Limited data sets
A limited data set is a data set that removes all elements of PHI except for dates such as admission, discharge, procedure, date of birth, date of death, city, state, zip code, and ages in years, months, days, or hours. Recipients who receive a limited data set must sign a data use agreement and must comply with the terms and conditions of the data use agreement.
A data use agreement limits the use of the limited data set to the following uses: healthcare operations, public health, and research. The data use agreement should limit uses to those negotiated between the organization holding the data set and the recipient.
Know your audience
Individuals often don’t understand the definitions of limited data sets and de-identified data sets. To assist in understanding, consider distributing a list of data elements or a data collection form to potential recipients and ask them to highlight the requested fields. Never assume a customer knows these definitions.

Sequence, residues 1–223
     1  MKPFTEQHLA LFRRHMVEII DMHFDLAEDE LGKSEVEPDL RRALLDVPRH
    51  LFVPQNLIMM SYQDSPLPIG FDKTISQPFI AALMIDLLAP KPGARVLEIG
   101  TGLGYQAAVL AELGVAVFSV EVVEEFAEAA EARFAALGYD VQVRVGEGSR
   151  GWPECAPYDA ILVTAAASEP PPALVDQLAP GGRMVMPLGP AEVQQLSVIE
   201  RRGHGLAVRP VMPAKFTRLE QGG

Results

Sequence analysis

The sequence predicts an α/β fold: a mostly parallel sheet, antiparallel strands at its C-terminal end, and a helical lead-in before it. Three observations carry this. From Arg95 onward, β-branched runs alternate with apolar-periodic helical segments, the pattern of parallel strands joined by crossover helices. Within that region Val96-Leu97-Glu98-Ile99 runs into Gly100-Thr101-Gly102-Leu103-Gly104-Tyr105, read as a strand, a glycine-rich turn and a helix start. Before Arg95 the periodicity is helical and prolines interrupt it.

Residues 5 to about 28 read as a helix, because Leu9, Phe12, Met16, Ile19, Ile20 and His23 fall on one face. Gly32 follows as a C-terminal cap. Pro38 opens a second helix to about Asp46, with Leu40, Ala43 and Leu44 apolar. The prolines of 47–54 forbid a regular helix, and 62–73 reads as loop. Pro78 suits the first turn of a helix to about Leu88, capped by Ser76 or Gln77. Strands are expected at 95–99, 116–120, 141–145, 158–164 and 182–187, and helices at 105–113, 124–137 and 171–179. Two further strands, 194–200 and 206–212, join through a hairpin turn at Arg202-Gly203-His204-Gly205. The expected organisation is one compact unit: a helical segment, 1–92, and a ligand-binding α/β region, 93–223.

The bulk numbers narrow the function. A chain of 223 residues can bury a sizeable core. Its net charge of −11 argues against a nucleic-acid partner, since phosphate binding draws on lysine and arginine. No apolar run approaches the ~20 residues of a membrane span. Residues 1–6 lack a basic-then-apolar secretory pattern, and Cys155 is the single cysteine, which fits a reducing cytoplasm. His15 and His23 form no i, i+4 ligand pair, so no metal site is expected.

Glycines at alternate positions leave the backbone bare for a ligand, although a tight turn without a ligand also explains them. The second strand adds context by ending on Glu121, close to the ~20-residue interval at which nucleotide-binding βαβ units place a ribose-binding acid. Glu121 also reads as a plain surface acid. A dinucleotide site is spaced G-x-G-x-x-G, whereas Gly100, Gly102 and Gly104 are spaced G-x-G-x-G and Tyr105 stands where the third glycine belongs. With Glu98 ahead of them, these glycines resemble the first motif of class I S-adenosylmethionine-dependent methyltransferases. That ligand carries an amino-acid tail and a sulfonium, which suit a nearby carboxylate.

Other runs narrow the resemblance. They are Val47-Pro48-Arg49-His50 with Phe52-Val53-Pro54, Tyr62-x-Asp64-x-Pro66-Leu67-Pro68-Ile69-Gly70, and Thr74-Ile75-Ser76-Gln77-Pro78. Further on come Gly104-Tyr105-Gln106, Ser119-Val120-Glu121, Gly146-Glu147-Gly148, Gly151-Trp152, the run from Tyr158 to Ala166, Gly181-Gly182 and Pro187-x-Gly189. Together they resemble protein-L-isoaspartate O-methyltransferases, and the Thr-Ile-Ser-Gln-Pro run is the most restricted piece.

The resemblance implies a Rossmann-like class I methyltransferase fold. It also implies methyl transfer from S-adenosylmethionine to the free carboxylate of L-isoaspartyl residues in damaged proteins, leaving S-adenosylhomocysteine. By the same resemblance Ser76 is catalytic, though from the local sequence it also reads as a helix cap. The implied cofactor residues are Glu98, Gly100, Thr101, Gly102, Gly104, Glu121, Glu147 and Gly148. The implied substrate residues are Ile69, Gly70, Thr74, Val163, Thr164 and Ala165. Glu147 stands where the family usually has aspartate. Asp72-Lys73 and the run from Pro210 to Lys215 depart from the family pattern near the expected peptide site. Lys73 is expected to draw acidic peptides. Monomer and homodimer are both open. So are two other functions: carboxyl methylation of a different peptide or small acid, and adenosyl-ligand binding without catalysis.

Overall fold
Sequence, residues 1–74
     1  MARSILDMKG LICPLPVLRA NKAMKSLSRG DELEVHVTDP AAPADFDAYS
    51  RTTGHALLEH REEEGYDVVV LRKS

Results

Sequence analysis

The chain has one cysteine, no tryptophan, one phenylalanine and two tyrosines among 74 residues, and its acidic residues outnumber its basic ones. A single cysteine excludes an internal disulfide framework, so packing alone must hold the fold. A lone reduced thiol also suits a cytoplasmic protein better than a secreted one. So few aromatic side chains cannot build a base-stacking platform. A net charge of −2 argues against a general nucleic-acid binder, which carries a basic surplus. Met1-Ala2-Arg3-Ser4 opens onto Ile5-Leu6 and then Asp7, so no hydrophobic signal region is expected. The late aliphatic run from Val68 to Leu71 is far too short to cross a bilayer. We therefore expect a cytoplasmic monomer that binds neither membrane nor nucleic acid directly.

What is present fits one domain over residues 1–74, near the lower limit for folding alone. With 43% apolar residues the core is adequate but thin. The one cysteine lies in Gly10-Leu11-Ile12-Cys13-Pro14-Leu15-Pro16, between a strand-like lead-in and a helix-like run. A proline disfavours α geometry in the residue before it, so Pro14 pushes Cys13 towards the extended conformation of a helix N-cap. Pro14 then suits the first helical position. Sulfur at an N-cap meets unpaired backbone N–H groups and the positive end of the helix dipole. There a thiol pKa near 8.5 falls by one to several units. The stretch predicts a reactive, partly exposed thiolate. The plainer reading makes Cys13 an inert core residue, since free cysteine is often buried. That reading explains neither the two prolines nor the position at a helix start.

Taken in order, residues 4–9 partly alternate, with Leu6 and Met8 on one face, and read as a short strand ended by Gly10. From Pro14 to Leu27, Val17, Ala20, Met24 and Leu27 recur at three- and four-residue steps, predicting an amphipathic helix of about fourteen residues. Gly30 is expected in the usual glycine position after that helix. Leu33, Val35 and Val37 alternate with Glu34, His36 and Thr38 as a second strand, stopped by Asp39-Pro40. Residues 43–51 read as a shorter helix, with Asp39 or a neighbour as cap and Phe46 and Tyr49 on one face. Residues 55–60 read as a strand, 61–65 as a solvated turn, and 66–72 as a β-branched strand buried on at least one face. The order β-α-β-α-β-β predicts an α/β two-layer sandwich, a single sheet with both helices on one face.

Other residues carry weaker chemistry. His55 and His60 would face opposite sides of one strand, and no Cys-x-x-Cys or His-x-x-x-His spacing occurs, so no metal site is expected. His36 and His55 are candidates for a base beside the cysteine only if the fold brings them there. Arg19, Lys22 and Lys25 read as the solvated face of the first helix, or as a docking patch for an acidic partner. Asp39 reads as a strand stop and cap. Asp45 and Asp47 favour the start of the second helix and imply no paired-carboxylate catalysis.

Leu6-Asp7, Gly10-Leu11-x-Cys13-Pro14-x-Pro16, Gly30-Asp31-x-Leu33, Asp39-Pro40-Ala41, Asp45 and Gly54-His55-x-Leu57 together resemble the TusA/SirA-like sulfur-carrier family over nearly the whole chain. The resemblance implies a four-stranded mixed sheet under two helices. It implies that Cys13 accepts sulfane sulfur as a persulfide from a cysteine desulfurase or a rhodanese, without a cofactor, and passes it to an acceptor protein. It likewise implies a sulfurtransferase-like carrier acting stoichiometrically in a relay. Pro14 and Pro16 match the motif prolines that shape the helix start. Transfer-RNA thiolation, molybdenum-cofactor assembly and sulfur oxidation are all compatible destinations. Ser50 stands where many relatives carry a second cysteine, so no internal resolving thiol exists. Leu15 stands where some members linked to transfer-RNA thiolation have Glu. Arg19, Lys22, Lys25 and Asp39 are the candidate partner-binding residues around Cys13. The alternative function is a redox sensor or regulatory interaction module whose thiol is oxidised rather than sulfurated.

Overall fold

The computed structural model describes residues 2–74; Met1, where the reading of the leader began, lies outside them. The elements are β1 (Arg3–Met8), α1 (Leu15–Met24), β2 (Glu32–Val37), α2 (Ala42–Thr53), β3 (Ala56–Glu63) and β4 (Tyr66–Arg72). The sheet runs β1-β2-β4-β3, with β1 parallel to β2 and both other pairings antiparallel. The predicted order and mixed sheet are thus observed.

Safe harbor de-identification
The simple method of de-identification is safe harbor de-identification. In this process, 18 identifiers are removed from the data set. All the identifiers must be removed from the data set to be considered safe harbor de-identified.
When completing safe harbor de-identification, all the following identifiers of individuals (patients), relatives, employers, and household members of the individual must be removed.
Names, including first, last, and middle.
Partial names and/or initials are not permitted in a safe harbor de-identified data set. The full name must be removed.
All geographic subdivisions smaller than a state, including street address, city, county, precinct, ZIP code, and their equivalent geocodes.
All elements of dates (except year) for dates that are directly related to an individual, including but not limited to dates of birth, admission, discharge, procedure, death, and all ages over 89 and all elements of dates (including year) indicative of such age, except that such ages and elements of date may be aggregated into a single category of age 90 or older.
Vehicle identifiers and serial numbers, including license plate numbers.
Device identifiers and serial numbers, including but not limited to medical device serial numbers.